Navigating the Challenges of Regulatory and Enforcement Actions

Developing a coherent and risk-based response strategy in advance of a regulatory examination or investigation can go a long way in mitigating the disruptive impact that these encounters often have on financial services institutions.

Increasingly aggressive and targeted actions by regulators around the globe are an expanding risk that can tax even the most vigilant compliance programs. Strategies for handling these potentially traumatic situations need to be an integral part of a firm’s compliance DNA. While specific best practices should be tailored to the specific jurisdiction (or jurisdictions) where the firm operates, the points discussed below offer a useful framework for successfully emerging from the regulatory crosshairs.

Ongoing Practices

The tenor of an examination or investigation will be determined by the groundwork that financial institutions establish with their ongoing compliance and risk management practices.

  • Establish a Compliance Mindset
    Regulatory compliance that operates as a discrete, siloed, and reactionary function presents the ideal environment for fostering a culture that leads to the violation of applicable rules and regulations. Compliance with legal and regulatory obligations needs to be woven into the fabric of all levels of the enterprise, from product and service development, to performance evaluation, to employee training and accountability programs. Firms operating in multiple jurisdictions should ensure that, while compliance programs may need to be tailored to those jurisdictions’ specific risks and norms, the organization’s core values and ethical conduct standards remain agnostic to location. The importance of compliance needs to be reinforced by the leadership of the firm, its functions, and its lines of business. In addition, executive compensation and performance assessment tools should be structured and aligned to reward compliant behavior.
  • Keep Compliance Resources Aligned With Needs
    Institutions need to ensure that the staff and systems devoted to legal, compliance, audit, risk management, and governance keep pace with the growth and evolution of the business into new products and markets, shifts in risk profiles and appetites, and changing regulatory priorities. Employ appropriate technological innovations and data analysis to both structured and unstructured data sets to identify problems before regulators do.
  • Safeguard Cyber Systems and Assets
    Cybersecurity remains a primary risk for many firms—and thus a priority for regulators. Ensure that the firm’s approach to cybersecurity evolves with changing threats and covers not just external intruders but also insiders, who are an often-overlooked source of both accidental damage and malicious incidents. Data privacy policies must keep pace with changing regulations and provide the same level of protection to client information that the firm gives to client assets.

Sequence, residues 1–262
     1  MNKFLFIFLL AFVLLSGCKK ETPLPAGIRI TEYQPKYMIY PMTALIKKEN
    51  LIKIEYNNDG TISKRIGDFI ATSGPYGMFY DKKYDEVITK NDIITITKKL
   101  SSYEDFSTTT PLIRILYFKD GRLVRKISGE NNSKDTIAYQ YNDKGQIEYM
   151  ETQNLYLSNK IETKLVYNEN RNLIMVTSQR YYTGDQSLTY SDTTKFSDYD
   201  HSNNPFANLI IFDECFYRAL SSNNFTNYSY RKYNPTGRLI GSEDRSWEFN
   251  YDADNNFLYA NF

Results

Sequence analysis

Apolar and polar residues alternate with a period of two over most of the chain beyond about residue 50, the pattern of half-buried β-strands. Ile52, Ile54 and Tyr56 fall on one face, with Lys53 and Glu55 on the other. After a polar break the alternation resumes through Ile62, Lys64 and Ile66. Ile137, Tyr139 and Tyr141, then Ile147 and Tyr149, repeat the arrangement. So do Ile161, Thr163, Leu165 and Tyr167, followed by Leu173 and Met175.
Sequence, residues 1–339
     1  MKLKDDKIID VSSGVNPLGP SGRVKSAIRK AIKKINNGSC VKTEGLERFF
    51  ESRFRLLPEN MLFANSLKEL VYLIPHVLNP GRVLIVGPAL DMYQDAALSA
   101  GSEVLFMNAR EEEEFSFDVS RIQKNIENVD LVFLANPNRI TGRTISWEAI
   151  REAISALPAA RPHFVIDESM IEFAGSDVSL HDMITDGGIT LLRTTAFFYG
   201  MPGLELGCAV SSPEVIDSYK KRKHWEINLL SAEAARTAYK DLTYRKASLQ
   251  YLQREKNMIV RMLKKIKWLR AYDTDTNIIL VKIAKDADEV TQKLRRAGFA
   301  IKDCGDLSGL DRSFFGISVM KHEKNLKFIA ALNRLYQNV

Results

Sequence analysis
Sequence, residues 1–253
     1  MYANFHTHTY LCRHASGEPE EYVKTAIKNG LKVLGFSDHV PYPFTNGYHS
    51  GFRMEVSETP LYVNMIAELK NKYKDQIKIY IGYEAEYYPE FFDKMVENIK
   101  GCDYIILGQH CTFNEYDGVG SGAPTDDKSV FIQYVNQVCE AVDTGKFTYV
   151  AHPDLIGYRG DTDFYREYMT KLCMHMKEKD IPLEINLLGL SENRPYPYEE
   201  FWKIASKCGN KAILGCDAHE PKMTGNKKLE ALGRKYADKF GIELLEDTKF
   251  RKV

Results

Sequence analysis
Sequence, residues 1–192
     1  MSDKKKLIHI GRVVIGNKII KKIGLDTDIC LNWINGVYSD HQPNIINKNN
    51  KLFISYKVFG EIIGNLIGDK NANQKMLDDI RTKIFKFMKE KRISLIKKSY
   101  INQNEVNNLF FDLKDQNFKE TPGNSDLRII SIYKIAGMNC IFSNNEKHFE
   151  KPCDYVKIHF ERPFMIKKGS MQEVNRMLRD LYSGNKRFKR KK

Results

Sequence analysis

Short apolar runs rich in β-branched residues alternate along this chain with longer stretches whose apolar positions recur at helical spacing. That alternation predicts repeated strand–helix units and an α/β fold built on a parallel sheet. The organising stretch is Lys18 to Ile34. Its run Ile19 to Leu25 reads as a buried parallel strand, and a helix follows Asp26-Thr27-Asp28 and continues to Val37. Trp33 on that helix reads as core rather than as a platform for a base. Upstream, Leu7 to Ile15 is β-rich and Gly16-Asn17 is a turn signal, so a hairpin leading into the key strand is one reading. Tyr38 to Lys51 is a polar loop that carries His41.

• Take a Comprehensive View of Risk
    Traditionally, firms have looked at risk from an internal perspective, focusing on factors such as products, people, and infrastructure. In today’s business environment, however, risk needs to be viewed comprehensively and holistically. This requires expanding the scope of efforts to identify, mitigate, and disclose risk, and thinking creatively about the places from where risk can emerge. Material contingencies within a transaction need to be scrutinized so that possible risks can be identified and mitigated. Clients, investors, and other third parties need to be subject to due diligence that extends beyond traditional financial measures to encompass their risk mitigation strategies. A reputational or cybersecurity problem affecting a third party can quickly infect your own organization.
  • Assess and Document
    Institutions need to conduct regular assessments of their enterprise-wide risks and controls. Appropriate documentation of findings allows problems to be identified and remediated and evidences a vibrant and effective self-policing function. Make sure that key documents such as certifications and licenses, compliance manuals, codes of ethics, and supervisory procedures are readily available, tailored, accurate, and current.
  • Have a Regulatory Crisis Team and Plan in Place
    Whether crises hit suddenly or emerge slowly, the mechanism for dealing with them quickly and authoritatively must be established in advance. Identify and have on call legal counsel, subject matter experts, and crisis-management and other consultants who can be deployed promptly to minimize damage and find solutions. Establish an escalation framework that can be easily and uniformly applied by managers and employees. Because crises might be triggered by whistleblowers, ensure that a functional whistleblowing mechanism is in place, with appropriate protections for employees who report issues either internally to the company or externally to regulators or law enforcement.

Once the Regulators Surface and Scrutiny Begins